Marvel Fanfare #40 (Angel)
Issue(s): Marvel Fanfare #40 (Angel story only)
The main character in the story is a very religious and senile old woman whose grandson steals from her wallet while she reads from the Bible.
Later, Angel falls from the sky...
...muttering about a battle with Mephisto....
...and asking about "the Beast"...
...and she of course interprets it all as him being a Biblical angel falling from Heaven. She brings him to a bed, collects his feathers, which had been falling off, and glues them all back on.
She briefly considers keeping a feather for herself but realizes that it's wrong.
Angel later recovers, kisses her goodbye, and then flies off.
This inspires the old lady to throw away all the kitchen appliances that had been giving her trouble, and then get into the car that she hasn't driven in years and that everyone tells her she is now too old to drive.
Presumably she immediately crashes into a tree, and Angel crash lands on the other side of that fence.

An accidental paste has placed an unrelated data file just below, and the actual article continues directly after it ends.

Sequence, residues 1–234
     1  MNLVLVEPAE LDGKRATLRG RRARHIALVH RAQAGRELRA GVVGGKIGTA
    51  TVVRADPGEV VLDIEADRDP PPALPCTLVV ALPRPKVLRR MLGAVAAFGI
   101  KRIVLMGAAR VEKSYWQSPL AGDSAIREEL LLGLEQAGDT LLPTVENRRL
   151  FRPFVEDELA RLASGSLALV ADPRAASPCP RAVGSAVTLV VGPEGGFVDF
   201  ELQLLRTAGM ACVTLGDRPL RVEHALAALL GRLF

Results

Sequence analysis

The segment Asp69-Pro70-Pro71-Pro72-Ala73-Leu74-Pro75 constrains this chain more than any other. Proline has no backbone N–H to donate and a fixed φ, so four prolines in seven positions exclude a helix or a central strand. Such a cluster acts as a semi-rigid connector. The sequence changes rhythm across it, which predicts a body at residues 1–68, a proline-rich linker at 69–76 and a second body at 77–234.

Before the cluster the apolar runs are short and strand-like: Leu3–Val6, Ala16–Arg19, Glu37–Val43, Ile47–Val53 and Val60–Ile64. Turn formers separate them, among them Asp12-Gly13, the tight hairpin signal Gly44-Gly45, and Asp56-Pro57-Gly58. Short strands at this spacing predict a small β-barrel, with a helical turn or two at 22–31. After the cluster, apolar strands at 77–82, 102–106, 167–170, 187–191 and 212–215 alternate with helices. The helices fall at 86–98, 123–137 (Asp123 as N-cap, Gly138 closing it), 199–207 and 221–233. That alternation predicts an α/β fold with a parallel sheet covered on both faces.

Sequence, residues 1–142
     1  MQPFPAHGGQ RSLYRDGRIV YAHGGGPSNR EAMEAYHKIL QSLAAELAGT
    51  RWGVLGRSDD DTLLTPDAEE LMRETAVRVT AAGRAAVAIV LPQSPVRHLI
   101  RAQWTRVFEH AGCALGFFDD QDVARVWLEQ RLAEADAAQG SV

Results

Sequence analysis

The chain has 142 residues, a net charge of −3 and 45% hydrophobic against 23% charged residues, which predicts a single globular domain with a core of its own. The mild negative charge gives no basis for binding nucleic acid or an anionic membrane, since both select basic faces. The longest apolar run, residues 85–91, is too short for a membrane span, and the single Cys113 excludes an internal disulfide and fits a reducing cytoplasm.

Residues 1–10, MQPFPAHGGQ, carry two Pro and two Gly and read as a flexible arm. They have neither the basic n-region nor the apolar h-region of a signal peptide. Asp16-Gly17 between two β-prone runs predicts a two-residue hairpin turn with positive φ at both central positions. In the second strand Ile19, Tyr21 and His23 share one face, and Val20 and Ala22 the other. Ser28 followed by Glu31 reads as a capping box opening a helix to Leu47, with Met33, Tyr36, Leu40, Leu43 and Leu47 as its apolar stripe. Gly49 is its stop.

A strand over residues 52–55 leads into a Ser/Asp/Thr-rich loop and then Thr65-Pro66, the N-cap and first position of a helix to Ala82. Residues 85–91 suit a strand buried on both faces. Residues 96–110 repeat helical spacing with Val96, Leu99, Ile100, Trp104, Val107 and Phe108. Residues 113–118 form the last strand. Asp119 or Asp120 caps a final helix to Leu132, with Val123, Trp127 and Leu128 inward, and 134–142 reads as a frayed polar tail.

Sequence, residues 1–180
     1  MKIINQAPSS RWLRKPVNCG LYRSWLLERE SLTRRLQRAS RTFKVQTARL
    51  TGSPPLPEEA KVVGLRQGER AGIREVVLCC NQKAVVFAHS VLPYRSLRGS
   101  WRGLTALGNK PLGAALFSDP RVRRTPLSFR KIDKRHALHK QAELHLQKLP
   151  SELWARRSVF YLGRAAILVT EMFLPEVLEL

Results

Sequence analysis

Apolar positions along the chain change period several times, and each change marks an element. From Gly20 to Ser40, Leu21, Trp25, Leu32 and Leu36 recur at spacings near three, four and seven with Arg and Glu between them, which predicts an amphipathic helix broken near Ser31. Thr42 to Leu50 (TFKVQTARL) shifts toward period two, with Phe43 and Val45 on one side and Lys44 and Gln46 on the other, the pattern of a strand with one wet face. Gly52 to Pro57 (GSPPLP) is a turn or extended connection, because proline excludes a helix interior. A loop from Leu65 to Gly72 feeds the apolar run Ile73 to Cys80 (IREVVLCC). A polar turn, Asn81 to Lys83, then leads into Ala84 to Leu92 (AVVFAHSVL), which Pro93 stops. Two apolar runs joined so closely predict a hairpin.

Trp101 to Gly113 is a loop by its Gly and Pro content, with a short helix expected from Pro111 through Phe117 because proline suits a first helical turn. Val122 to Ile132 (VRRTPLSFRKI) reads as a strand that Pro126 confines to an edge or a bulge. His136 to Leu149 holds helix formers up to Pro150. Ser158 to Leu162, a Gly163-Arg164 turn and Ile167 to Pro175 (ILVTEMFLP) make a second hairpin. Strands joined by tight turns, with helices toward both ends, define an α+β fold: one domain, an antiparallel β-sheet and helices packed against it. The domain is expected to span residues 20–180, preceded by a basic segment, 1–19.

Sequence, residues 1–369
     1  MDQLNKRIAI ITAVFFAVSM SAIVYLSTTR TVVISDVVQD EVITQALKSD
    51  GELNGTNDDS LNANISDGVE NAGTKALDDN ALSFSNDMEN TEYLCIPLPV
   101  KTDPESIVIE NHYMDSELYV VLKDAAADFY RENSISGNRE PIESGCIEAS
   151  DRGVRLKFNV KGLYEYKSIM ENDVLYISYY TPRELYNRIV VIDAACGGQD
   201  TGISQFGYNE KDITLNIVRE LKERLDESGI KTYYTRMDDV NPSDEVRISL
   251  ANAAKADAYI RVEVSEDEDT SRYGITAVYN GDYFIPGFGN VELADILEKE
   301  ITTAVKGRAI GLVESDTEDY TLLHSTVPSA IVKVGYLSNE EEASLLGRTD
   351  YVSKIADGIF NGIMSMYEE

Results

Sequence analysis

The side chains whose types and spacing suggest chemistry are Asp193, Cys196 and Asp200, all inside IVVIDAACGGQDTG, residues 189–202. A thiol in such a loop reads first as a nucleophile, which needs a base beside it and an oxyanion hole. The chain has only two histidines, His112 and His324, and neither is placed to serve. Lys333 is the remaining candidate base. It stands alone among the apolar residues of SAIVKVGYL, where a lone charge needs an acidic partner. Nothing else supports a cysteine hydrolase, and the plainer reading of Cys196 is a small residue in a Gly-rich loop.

Exactly what you'd expect from Nocenti, and not something i would necessarily have been happy to have waited over a year for after the footnote in Mephisto vs..... But it's also about what you'd expect from Marvel Fanfare at this point, and it's at least a quirky offbeat story with David Mazzucchelli art.
Quality Rating: C
Chronological Placement Considerations: For Angel, this takes place during or directly after Mephisto vs.... #2. The fact that Angel is shown flying away at the end of the story seems to confirm that it's during, before Mephisto restores Angel to his hospital bed and damaged wings.
The second story in this book is a Storm/Mystique meeting that takes place circa Uncanny X-Men #185, so it's been split into a separate entry.
Continuity Insert? Y
My Reprint: N/A
I liked this story a lot. The art's got kind of a Darwyn Cooke vibe about it.
Posted by: Robert | June 6, 2014 8:14 AM
A good, unconventional story with wonderful art. Nocenti and Mazzucchelli are both offbeat and individualistic, so it's nice that they had an opportunity to collaborate. This story is also an interesting look at how Mazzucchelli's artwork was evolving into the style he would utilize on his independent projects.
There is a brief article on this story by my pal John Turnbull in Back Issue #96, which is a Marvel Fanfare retrospective. It goes on sale next month...
Posted by: Ben Herman | April 26, 2017 9:25 PM
Comments are now closed.
|SuperMegaMonkey home | Comics Chronology home|